Category Archives: birthfamily

happy new year

As we close 2011, I am ecstatic that the search for my birth family has finally ended in actually finding them. It was in November, 2009 that I first began focusing on finding them. I had gone to see journalist, Mei-Ling Hopgood, author of “Lucky Girl” on November 1, 2009 where she was giving a book signing at the Phoenix Public Library. She was also adopted from Taiwan by a Caucasian-American couple and reunited with her biological family at the age of 23. Her book inspired me to forge ahead with my own search and gave me hope that perhaps it was possible to find my birth family. I was referred to Tien around that time as well by an adoptive mother from FCC (Families of Children from China), and from there the rest is history. I have saved nearly all of my correspondences with Tien and other people who were referred to me over the past couple of years in hopes that one day, I could put it all together into some kind of timeline.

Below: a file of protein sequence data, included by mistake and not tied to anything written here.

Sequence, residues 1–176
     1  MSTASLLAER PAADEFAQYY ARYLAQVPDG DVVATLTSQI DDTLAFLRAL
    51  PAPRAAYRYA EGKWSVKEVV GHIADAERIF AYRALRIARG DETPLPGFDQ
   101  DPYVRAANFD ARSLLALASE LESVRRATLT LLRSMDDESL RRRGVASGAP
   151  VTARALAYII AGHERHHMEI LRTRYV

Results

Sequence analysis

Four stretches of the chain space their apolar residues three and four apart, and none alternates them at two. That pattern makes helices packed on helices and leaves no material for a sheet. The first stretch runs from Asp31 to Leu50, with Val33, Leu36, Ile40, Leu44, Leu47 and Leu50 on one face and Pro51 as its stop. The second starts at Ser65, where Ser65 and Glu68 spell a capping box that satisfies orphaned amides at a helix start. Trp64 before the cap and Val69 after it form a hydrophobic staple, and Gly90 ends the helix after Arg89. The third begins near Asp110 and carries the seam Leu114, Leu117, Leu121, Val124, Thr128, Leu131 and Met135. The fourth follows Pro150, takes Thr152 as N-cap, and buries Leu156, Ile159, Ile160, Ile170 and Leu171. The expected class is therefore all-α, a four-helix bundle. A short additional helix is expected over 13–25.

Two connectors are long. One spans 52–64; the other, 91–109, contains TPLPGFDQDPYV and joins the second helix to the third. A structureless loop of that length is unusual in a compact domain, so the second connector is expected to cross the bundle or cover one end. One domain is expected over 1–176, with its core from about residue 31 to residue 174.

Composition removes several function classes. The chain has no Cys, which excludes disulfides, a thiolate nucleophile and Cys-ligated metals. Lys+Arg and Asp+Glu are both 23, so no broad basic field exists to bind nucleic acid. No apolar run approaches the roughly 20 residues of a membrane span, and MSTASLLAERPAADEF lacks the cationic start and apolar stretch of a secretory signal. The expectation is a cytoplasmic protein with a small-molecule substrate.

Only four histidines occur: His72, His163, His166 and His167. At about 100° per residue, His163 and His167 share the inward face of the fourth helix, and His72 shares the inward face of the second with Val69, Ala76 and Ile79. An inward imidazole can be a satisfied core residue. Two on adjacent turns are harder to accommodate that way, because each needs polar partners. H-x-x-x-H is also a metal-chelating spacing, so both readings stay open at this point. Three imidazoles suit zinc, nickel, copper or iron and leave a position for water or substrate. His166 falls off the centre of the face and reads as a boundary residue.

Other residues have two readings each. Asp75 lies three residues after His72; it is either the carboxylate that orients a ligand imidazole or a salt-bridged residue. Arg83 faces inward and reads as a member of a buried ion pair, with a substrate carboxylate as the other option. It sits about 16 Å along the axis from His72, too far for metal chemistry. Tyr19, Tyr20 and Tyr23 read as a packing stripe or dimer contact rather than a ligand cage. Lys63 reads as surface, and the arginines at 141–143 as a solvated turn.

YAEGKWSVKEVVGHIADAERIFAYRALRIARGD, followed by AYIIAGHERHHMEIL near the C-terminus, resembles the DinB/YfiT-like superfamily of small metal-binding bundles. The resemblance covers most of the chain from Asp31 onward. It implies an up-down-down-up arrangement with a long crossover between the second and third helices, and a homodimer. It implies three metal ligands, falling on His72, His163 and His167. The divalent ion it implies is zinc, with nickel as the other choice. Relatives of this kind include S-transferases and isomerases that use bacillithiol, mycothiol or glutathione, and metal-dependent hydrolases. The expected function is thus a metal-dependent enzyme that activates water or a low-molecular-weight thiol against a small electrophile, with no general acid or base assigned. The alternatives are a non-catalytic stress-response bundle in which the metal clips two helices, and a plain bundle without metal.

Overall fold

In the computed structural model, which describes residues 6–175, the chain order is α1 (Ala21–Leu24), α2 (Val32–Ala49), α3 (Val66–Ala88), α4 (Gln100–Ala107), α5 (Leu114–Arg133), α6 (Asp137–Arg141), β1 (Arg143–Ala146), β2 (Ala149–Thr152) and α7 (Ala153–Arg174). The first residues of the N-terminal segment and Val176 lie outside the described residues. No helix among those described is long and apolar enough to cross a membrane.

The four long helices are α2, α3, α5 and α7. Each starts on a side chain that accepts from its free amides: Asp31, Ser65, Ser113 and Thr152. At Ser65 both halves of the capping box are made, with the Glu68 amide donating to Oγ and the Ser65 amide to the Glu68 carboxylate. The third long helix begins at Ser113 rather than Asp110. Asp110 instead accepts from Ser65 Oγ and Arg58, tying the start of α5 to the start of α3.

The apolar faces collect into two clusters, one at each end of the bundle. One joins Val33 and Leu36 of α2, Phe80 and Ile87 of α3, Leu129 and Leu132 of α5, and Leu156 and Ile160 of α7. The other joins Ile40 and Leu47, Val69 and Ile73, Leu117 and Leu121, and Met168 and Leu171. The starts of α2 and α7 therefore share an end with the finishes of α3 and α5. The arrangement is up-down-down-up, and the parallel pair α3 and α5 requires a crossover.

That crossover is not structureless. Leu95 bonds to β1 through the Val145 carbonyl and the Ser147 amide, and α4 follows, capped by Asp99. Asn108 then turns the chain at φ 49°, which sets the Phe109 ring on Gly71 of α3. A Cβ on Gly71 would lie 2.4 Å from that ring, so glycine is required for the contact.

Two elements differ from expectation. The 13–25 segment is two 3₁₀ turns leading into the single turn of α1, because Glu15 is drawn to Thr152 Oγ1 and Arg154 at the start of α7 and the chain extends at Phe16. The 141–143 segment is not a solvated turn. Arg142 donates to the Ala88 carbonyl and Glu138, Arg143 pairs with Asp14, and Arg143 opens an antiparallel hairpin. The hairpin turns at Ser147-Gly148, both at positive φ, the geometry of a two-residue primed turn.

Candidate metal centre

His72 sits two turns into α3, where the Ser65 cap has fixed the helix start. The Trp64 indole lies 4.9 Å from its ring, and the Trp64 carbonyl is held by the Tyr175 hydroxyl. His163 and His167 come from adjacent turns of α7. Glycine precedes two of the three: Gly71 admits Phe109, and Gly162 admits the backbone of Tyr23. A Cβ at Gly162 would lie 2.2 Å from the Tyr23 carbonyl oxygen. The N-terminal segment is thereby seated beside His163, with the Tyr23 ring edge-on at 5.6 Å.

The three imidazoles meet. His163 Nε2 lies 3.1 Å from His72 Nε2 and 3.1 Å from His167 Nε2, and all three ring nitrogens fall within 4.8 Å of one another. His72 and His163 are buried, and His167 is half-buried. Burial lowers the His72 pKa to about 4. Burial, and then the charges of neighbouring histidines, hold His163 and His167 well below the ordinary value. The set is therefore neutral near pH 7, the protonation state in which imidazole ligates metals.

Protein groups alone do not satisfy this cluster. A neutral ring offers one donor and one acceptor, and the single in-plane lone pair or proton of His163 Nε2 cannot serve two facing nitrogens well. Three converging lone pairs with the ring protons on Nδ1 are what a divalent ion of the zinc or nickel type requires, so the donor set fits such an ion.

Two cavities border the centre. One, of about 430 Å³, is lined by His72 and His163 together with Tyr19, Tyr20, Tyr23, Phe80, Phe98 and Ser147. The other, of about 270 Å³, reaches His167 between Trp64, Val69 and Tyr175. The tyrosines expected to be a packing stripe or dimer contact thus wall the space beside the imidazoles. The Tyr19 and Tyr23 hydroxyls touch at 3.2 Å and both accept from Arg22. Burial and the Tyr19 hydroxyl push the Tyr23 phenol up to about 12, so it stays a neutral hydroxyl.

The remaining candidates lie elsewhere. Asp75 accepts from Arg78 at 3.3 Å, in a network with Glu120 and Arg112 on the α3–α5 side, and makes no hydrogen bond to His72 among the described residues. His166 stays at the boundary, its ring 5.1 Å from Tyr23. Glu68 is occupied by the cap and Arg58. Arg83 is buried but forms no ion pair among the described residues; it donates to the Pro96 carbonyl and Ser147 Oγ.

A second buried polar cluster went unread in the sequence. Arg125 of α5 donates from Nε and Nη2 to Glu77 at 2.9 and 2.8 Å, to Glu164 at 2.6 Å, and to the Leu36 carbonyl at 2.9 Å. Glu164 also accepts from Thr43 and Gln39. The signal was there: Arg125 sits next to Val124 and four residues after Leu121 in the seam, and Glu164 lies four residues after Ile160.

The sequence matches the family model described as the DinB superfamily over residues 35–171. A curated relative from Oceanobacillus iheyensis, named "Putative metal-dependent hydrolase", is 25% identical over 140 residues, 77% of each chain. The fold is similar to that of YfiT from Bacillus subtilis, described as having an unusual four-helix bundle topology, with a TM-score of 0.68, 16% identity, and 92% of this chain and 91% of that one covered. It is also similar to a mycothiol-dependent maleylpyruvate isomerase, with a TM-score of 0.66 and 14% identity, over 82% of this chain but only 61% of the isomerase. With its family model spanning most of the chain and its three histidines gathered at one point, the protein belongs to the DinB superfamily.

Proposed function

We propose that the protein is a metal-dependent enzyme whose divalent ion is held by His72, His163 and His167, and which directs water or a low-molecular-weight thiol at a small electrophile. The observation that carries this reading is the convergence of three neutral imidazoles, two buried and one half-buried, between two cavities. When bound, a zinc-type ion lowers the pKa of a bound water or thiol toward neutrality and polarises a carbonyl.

The best part of 2011 is now being able to correspond with my oldest sister. I received the first email from her this past Wednesday morning before work. I was overjoyed to hear from her and overflowing with tears of joy. My sister’s English is very good, much better than my Mandarin at the moment. She told me a little about my older brother and other older sister and that they each have grown children. She also said that when they were little, they were good at painting and music. We all share some artistic abilities! We continued to email each other up through Friday. With each email I learned a little more of my biological parents and the circumstances surrounding my adoption. I treasure learning of how it all began and of my birth family. My sister tells me that I resemble our mother and that our father was quite handsome. I’ve always wondered if I look like any of my sisters or birth parents. I so look forward to meeting all of them soon.